Platelet Rich Plasma (PRP) is a new treatment providing positive results in research and practical outcomes in both human and equine applications. Platelets are best known for their role in initiating blood clotting however they have also been found to be a rich source in promoting healing. PRP has many growth factors with varying actions. Some of these growth factors accelerate tissue and wound healing and they promote healing via a regenerative process rather than a reparative process (scar tissue).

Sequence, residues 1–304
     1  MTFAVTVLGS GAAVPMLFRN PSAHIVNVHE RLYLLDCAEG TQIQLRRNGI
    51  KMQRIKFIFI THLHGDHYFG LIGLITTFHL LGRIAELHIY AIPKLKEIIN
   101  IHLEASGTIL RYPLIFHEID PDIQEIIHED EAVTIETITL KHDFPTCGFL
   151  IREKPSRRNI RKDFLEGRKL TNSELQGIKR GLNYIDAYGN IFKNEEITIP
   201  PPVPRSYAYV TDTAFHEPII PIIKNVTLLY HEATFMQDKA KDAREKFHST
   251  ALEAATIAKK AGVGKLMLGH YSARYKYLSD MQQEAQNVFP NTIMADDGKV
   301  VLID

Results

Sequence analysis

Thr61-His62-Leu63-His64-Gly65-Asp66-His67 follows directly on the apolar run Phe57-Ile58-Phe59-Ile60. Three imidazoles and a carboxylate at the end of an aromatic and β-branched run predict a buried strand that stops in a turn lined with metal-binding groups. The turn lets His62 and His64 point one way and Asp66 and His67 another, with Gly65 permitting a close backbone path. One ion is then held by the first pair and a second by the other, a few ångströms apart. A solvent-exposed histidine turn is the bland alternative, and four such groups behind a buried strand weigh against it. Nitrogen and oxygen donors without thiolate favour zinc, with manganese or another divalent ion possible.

Blood is composed of red blood cells, white blood cells, platelets, and plasma the non-cellular component of blood. PRP therapy involves a single blood sample from a patient being processed through a series of centrifugation procedures to separate and concentrate the platelets from the other blood cells. The resulting product, the PRP, contains specific growth factors which can then be delivered to injured tissues to enhance healing. As PRP is an autologous product (meaning it comes from the patient's own blood), it will not be rejected by the patient's immune system.
After harvesting and processing, the resulting PRP is then injected for example into a tendon at the site of damage under ultrasound guidance followed by a rehabilitation program depending on the individual patient.